The expat social life is enjoying a renewed spirit in Batam through the Batam Ladies Expat Society which caters to both the families and partners by offering regular activities and other special planned events. While originally starting as a way for the wives and partners of those expats who have moved to Batam to connect, the society caters to the whole family and as such offers an opportunity for the male expats (both single and those with partners) to meet  other expats in Batam, in addition to catching up at the many expat pubs in Batam.

Social life is well catered for in Nagoya's many expat pubs, if you are male. The expat wives' social scene slowed down in the second half of 2004 and has yet to pick back up.

If you are Singaporean, get in touch with the Batam-Singapore Club in Nagoya. Batam Spore Club: President: HP 0811-701321, Ricky Lim, Secretary, Tel. 422357, Co-President is Ong Seng Chai Hp 0812-7004622.

Typical hangouts for the expat (adult) include Lucy's Oarhouse, The Red Cock, Napoli Pizza, Ice Pub, Sugar Pub and Wallaby's (all pubs) where you will find a number of expats hanging out any night of the week.

On the weekend there are a number of water sporting options available at the resorts around the island including go-karts, water skiing, jet skis, bungee jumping, etc. As well as the above mentioned beaches (a great place to make friends with the locals) and day trips to Singapore.

Dining Out

Nagoya has many outdoor food courts (open only at night). Biggest is the 400 seat Nagoya Food Court, opposite the Hotel Sahid Rashinta. Try 888 Seafood's Tofu Claypot, Pork Knuckle, Tom Yum soup. For good seafood on the waterfront, try Rezeki Seafood at Batu Besar, 5km past the airport (US$10-15) Excellent pub grub at Lucy's Oarhouse. Try their home-made sausages and mash. Also very good fish and chips; steak sandwich; all day breakfast and healthy stir fry vegetables.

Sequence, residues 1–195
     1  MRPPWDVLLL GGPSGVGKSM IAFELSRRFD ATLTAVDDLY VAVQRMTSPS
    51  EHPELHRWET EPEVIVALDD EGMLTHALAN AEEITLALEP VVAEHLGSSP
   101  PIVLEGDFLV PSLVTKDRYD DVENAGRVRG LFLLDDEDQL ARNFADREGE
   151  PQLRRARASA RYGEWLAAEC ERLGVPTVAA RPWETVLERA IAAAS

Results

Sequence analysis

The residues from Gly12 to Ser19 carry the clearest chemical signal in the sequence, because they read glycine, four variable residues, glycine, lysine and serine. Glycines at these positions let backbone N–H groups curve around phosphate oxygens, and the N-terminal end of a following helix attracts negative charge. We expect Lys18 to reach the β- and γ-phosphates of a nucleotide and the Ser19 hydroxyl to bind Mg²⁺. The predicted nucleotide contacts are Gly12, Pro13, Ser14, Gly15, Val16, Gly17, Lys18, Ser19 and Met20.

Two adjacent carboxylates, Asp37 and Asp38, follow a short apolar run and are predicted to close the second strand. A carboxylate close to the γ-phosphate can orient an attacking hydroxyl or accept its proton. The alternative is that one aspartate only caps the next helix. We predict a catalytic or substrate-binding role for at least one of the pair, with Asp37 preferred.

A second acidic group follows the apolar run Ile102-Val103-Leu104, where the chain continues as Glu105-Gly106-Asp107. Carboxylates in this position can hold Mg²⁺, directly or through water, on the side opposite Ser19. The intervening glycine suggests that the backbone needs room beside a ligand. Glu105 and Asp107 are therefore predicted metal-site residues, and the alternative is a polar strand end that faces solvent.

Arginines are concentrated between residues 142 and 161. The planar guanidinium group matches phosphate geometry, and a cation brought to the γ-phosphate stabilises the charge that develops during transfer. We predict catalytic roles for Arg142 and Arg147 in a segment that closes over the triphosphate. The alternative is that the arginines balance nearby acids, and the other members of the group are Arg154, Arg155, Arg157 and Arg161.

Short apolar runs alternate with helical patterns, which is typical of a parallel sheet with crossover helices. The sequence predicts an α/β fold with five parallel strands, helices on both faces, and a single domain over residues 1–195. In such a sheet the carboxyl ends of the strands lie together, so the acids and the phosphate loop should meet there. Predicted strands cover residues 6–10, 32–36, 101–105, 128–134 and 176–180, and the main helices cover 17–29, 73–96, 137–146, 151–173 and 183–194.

The Goodway Grill Room has real Angus steaks. Batam has any any number of foreign cuisines including Chinese, Korean, Indian, Thai, Western, etc. There are four KFC outlets, three Mc Donalds and others.

Upmarket Hotels: Batam's six best hotels are the Melia Panorama, Goodway (ex Mandarin), Novotel and Planet Holiday in Nagoya. Plus the Holiday Inn & Harris Resort at Waterfront City

Mid-range Hotels : At Sin$45, the Island View is best value for money. Make sure the room AC works. There are plenty of other mid range hotels e.g. Puri Garden, but most are far from the NED entertainment district.

Batam Links

Smiling Hill - great site with lots of information on living in Batam!

Visas Runs through Batam

And some fun postings from the Expat Forum on the "10 Best Things about Living in Batam"

  1. Telling your mate you'll meet him in the pub in ten minutes and actually meeting him in ten minutes!